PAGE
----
Another thing that has been left out of the article (in point #10) is that the 64GB drive (on the Macbook Air) in question is in fact solid state. We’re talking about 64GB of flash memory, not the spinning HDD which is actually 80GB.

Something else that needs to be taken into account: Apple’s business model doesn’t really seem to allow a lot of overlap in their target consumer brackets. People that buy an iPod don’t necessarily buy an Apple computer. People that buy the entry level Mac Mini don’t buy an iMac. People that buy an iMac generally don’t buy Mac Pros and so on and so forth. The Air is being marketed at a higher consumer bracket than the average. It’s basically a second machine for someone that already has a Mac Pro desktop and can afford to overspend on the Air.

Do I think the Air is overpriced? Well, if you compare it to the Vaio like Webupon there did, no. Is it overpriced for me? Absolutely. Do I want it? No, I like my MacBook Pro just fine, thanks. Do I think Apple might’ve gone a little overboard here? Yes, and maybe a little underboard too. What with their only being one USB port, no firewire and no optical drive.

Do I think that there needs to be more research done for web-articles? Absolutely.


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Um. WTF?

January 11th, 2008 by pminton

By Pminton

OK. I’m a Soul Calibur fan (despite the fact that The Chad Pwn’d me with his eyes closed). I’m also a huge Star Wars fan. What I’m not sure about is this trailer for Soul Calibur IV featuring Darth Vader and Yoda as playable fighters.

I’ll also refer you to today’s Penny Arcade strip for it portrays my initial reaction better than I can write here. I have gone from Gabe’s wide-eyed, conspiracy-theorist diagrams to Tycho’s scathing skepticism. I am both sides. On one hand I’ve always wanted to see Star Wars characters in a fighter (aside form the completely terrible Masters of Teras Kasi) but, on the other, Soul Calibur has always been a more story-driven fighter than most. How in the name of the seven gaming hells are they going to explain this? Alternate universes? Space-time rifts? It’s all inside an autistic gamer’s snow-globe?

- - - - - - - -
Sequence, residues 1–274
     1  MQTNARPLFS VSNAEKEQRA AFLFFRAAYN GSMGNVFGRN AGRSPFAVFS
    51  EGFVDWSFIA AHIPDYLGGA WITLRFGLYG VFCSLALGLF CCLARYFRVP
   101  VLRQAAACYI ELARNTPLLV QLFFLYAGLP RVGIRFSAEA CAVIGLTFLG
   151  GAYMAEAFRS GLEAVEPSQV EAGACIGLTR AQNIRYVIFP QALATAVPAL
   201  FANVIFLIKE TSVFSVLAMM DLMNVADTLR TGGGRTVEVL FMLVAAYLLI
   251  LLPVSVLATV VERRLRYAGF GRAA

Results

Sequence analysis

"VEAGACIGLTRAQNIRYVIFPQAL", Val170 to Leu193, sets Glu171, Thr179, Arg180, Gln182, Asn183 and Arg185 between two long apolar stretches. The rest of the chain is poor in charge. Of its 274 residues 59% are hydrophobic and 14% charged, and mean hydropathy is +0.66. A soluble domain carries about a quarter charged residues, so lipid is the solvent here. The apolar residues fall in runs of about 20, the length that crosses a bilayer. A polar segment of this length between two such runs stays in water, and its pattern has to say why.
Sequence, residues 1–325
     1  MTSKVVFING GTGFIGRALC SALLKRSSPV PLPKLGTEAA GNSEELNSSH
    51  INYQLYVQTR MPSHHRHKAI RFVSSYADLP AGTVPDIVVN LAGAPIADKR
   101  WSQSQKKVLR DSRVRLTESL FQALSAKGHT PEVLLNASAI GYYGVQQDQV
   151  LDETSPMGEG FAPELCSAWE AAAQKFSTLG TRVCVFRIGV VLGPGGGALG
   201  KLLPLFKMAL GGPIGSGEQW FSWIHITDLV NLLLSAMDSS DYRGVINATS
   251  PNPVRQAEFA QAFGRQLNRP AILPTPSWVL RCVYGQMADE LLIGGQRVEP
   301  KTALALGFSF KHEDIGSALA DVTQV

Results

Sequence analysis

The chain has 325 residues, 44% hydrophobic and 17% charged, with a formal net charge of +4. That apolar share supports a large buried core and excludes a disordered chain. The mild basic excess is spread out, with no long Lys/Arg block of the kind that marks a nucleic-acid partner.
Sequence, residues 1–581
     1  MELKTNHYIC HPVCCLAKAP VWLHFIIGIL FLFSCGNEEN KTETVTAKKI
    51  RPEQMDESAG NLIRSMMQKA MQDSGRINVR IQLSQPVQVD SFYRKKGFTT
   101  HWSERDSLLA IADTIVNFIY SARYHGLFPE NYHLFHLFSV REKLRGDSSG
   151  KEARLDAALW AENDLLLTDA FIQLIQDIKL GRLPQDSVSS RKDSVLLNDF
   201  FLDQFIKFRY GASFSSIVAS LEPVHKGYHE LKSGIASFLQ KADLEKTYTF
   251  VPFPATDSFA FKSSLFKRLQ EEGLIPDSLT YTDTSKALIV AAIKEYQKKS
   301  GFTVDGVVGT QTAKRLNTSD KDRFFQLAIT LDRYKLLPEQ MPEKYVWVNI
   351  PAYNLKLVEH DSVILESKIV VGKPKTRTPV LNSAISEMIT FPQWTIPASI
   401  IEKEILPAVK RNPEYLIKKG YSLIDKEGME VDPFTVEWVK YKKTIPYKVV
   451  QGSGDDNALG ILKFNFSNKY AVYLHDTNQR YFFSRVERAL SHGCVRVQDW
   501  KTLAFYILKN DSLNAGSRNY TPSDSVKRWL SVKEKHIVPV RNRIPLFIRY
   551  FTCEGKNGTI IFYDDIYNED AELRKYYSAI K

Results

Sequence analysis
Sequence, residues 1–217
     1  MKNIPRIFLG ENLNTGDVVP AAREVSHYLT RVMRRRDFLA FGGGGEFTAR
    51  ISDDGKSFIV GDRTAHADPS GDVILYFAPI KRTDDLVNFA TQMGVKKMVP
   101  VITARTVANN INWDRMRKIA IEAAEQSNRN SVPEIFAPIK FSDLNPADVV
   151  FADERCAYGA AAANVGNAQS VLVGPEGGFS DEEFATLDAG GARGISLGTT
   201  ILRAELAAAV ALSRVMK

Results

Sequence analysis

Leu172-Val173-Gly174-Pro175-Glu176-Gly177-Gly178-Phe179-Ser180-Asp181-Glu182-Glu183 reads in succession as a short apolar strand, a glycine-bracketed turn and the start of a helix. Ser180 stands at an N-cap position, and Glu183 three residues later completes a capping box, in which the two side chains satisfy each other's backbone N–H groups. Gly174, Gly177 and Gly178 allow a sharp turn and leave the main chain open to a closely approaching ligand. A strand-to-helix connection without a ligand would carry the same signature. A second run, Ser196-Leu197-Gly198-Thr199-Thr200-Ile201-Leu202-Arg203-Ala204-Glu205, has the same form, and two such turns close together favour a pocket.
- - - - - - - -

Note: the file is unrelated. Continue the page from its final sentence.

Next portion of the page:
For some reason this is unsettling. At first I thought it was because they were using the Star Wars characters in a way that made no sense. Then I thought about Episodes I - III. It’s already been done. So, why am I so wary of this crossover? I think it’s the scene where we see a lightsaber being blocked by a metal sword. A lightsaber. By definition it can cut through nearly everything (I’m pretty sure that dude’s sword isn’t made of cortosis). It made me realize that a full-fledged Jedi (or Sith) could take any Soul Calibur fighter apart without even igniting their saber. So, they have to be dumbed down to fit the physics of the game. Doesn’t that just make them regular SC characters with a different skin? I know that games don’t have to make sense and I’m trying desperately to keep this post from turning into a fanboy argu-rant so I’ll just leave it at that.

Except that everyone knows that a (dark) Jedi would win. Every time.


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Final Fantasy VII: A Decade of Final Finality.

December 21st, 2007 by pminton

Ten years is a long time. Things change, things stay the same and as humans we like to revisit and reminisce. That’s what we’re doing here.

A decade ago Squaresoft (now Square-Enix) released what was arguably the RPG that would define the genre for a long, long time to come. Final Fantasy VII brought together great storytelling, amazing (for the time) visuals and pretty excellent gameplay to make something that gamers the world over still talk about reverently. I still have conversations with people about where and when they were when they started playing, what was going on when certain key events came about and how many weeks it took them to breed the elusive Gold Chocobo.

My wife is not a gamer. She’s picked up a few since we started dating and then married. Currently she’s taking on Puzzle Quest and My Sims. She listens to us talk about FF VII and apprently was intrigued by the story but didn’t want to play the game. So, we compromised: I’ll play FF VII again (for only the third time, actually), she’ll watch and then we’re going to write this story. Being the 10th anniversary of the release is just a happy coincidence, but it’s great timing. I’m going to focus on things like how well the gameplay has held up over the years, a comparison of the visuals then and now, the similarities and differences in FF VII and modern games and probably a fair amount of nostalgia. My wife will be chiming with the newcomers perspective.

Since the game comes in at around 70 hours to complete we’re going to break this up into separate articles. Consider this your introduction, the next installment will cover the first disc and so on. Hopefully we’ll finish the whole thing sometime in February or March.

Until the next time: Courage!